Since mustard is largely self-pollinating, the crossing is done by inducing male sterility using barnase gene obtained from a bacterium that stimulates plant growth and suppresses soil-borne plant pathogens, according to ISAAA, an advocacy for crop biotechnology. After pollination, male sterility is restored with a barstar gene also derived from the same bacterium.

Pental’s team had also used the bar, barnase, barstar system to develop DMH-11 with funding from the National Dairy Development Board (NDDB) and the Department of Biotechnology.

Mustard yield in India has increased from 481 kg per hectare in 1961 to 1.5 tonnes per hectare. This has been achieved through conventional pure line breeding. Further yield increases require the use of hybrids. Pental says DMH-11 yields 28 percent more than the popular Varuna variety.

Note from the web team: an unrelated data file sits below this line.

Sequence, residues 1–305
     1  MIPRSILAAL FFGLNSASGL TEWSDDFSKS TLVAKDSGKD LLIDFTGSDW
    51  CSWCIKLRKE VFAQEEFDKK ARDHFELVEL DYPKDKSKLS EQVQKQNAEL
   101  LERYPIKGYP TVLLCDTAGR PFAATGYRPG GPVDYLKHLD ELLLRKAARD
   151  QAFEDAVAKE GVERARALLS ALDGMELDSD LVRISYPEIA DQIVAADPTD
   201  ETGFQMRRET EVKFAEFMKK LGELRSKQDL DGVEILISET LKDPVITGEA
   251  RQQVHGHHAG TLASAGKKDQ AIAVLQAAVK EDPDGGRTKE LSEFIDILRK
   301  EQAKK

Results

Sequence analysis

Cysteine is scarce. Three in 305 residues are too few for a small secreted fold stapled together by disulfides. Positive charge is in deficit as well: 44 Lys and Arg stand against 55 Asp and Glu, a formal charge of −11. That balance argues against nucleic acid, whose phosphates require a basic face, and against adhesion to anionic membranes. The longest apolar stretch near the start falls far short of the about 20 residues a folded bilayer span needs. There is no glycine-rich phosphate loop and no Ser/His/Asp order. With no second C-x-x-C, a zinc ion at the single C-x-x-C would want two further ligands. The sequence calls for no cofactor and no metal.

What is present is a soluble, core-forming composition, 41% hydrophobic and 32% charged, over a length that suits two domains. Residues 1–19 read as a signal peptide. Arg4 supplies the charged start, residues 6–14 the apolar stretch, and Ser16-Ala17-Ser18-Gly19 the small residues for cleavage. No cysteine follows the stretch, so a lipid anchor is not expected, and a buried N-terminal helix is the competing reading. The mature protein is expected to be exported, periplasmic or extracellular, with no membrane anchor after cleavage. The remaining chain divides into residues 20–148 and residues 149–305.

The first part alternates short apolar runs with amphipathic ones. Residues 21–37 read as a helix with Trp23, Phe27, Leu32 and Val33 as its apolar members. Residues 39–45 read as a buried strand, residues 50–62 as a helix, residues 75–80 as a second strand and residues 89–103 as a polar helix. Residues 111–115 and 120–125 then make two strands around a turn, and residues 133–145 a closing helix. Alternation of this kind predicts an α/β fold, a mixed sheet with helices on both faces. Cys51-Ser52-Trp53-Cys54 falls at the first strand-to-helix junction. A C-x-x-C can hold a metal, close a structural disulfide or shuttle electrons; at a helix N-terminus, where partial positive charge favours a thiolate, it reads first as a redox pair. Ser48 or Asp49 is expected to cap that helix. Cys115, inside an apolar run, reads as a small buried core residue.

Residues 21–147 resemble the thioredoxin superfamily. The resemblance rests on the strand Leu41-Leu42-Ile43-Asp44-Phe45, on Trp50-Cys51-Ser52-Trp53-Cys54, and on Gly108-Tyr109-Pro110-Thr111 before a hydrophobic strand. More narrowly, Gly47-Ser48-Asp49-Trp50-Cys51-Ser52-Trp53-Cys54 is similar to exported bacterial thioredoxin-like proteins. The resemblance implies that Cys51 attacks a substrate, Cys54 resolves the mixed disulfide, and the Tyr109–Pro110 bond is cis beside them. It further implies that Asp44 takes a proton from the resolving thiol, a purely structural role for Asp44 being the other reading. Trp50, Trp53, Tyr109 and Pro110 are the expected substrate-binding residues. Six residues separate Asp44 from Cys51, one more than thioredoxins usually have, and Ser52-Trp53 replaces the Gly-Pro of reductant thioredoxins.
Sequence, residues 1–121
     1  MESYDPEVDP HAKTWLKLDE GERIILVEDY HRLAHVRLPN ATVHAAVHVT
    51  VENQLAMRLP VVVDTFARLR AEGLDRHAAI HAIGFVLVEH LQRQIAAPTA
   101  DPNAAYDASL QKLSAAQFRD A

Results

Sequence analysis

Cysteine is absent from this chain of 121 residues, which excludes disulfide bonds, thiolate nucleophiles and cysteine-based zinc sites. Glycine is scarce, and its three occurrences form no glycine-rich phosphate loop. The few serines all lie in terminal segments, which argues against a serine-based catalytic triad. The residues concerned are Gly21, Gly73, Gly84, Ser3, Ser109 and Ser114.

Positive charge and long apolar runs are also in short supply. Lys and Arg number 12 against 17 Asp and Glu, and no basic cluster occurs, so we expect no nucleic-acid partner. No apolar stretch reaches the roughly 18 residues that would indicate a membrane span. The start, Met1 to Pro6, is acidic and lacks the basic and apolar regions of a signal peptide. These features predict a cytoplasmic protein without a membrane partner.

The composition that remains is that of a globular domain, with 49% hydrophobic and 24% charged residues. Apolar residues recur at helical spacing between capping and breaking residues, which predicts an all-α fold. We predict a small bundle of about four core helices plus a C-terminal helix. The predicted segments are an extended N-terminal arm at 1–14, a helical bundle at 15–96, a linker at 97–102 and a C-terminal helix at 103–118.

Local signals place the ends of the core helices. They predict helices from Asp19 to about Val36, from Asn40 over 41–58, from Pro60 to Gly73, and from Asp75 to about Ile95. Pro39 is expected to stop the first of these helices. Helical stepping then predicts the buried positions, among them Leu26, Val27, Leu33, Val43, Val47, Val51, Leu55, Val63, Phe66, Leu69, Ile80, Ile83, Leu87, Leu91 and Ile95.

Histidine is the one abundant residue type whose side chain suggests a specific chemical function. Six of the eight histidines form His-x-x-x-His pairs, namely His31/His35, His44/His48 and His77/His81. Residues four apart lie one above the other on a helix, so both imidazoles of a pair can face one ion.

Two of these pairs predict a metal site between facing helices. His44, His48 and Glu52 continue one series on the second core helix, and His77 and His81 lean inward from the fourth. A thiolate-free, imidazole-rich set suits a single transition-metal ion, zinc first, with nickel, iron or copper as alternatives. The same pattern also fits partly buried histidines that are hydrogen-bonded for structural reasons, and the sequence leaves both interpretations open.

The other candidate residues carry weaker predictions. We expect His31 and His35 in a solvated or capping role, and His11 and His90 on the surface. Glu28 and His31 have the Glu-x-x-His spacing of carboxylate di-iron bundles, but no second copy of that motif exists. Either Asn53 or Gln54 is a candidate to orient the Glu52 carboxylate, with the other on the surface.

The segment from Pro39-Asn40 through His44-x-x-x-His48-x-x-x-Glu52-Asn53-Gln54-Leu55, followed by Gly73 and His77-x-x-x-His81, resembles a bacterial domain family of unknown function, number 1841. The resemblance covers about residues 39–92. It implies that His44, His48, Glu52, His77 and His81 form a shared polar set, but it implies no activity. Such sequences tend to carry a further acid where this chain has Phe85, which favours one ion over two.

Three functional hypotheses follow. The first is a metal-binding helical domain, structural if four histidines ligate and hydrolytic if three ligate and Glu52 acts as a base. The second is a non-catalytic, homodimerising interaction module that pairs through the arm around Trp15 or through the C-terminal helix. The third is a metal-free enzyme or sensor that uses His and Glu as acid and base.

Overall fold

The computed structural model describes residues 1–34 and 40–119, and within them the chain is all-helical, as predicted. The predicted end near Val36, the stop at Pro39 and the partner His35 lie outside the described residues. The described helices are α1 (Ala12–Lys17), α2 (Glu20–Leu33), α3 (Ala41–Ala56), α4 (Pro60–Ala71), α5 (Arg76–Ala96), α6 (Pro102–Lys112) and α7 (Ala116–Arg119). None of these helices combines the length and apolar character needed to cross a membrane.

Mustard hybrids can be developed conventionally through cytoplasmic male sterility. But this a tedious process. The sterility also tends to break down in certain conditions. GM technology is a quicker way of producing mustard hybrids.

GEAC has recommended the release of DMH-11 in May 2017 after the risk assessment concluded that the hybrid was safe for humans, animals and the environment. But under pressure from anti-GM activists, including the Swadeshi Jagran Manch, a part of the Sangh Parivar, then environment minister Harsh Vardhan directed GEAC to address concerns that the GM mustard hybrid might harm honeybees and pollinators. In August 2018, GEAC told Pental to conduct trials on five-acre plots at 2-3 locations to generate data on the impact of the hybrids on honeybees, other pollinators, honey and soil microbial diversity.